That has combined with the remote location to make this fire difficult for firefighters to suppress, he said.

“Fire burns uphill, so when drainages and canyons align with the wind and sun, the fire can spread very rapidly up those steep canyons,” he said. “So there’s a lot of different factors. It’s the aligning of the moons that’s making this a hard one.”

About 30 miles southeast, below the town of Wildwood, another lightning-sparked fire, which ignited in the Shasta-Trinity National Forest on July 29, had burned 31,185 acres and was 21% contained. The McFarland fire continued to threaten about 1,540 single-family homes, and Wildwood remained under an evacuation order, according to authorities.

The fire was moving to the southeast, although winds from the west and south — blowing up from the Bay Area and over from the ocean — were swirling over the fire and complicating firefighting efforts, said Kate Kramer, public information officer.

The steep, gorge-filled terrain also posed a challenge, she said.

“It’s pretty tough country,” she said. “In some areas there’s a lot of rock. They can’t use dozers, so it’s a lot of hand line and hand work.”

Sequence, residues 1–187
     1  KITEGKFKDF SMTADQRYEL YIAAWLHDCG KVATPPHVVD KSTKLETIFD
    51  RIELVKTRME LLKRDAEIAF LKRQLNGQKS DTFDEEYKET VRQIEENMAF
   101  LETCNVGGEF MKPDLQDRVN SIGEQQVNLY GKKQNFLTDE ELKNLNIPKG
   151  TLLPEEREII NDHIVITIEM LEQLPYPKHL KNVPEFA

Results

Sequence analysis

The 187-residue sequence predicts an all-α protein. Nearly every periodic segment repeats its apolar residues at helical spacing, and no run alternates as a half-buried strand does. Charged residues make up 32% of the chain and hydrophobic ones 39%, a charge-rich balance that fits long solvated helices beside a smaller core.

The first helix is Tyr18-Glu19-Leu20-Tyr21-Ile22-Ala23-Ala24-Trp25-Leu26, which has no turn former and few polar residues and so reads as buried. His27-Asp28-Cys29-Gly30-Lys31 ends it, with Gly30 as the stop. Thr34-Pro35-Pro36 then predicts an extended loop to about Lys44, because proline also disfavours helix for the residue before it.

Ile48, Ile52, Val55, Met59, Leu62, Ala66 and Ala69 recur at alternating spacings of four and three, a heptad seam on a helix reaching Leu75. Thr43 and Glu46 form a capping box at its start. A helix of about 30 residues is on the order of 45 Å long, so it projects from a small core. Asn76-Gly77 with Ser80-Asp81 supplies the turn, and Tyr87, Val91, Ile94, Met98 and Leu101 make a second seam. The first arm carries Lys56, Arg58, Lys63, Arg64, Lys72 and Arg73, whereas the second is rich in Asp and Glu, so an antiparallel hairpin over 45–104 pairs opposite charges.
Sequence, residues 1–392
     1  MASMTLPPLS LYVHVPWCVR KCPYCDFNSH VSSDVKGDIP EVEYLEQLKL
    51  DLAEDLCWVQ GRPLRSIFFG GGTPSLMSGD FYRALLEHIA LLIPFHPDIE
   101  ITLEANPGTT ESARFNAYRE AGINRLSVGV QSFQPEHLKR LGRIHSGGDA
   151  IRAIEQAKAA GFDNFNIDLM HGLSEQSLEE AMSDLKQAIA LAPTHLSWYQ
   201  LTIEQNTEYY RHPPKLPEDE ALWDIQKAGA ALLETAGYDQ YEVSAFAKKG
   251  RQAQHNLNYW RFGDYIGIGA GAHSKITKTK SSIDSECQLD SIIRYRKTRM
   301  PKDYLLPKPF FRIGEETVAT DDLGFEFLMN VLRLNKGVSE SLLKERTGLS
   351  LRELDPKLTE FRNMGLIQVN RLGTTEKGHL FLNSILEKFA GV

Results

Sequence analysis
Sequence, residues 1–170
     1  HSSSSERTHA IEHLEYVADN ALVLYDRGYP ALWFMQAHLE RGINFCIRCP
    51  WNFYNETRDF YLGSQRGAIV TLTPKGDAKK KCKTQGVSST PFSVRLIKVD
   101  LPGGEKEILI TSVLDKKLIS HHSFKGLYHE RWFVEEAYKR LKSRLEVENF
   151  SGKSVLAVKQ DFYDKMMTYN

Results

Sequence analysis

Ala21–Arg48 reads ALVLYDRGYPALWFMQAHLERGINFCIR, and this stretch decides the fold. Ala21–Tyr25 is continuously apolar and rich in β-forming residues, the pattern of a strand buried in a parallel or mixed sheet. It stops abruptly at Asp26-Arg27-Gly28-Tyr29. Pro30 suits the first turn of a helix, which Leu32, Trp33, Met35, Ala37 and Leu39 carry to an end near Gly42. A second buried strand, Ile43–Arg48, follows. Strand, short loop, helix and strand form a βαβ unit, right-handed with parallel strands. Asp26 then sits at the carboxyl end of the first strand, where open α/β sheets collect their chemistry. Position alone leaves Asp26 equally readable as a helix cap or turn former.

An inversion layer over the area helped moderate fire behavior somewhat over the past couple days but also precluded the use of water-dropping helicopters and firefighting airplanes, she said.

The fire was bumping up against the burn scar of the August Complex fire to the south, which was helping the firefight there, and crews were working to build line to another recent burn scar to the west, which they don’t expect the fire to move through, she said.

Conditions have been hot and dry, with temperatures expected to rise even higher this week, Kramer noted. Authorities have also faced resource limitations due to the intensity of this year’s fire season, she said.

“Things are thin all across the region, and the country,” Kramer said.

And while crews have made good progress, they’re being careful not to let people back into their homes until it’s safe, she said.

“We don’t want what happened to Greenville to happen here, in which they thought everything was good, they let people back in, and then the fire really kicked up again and people didn’t get out,” she said. “And firefighters were focused on helping to get people out and the town burned down.”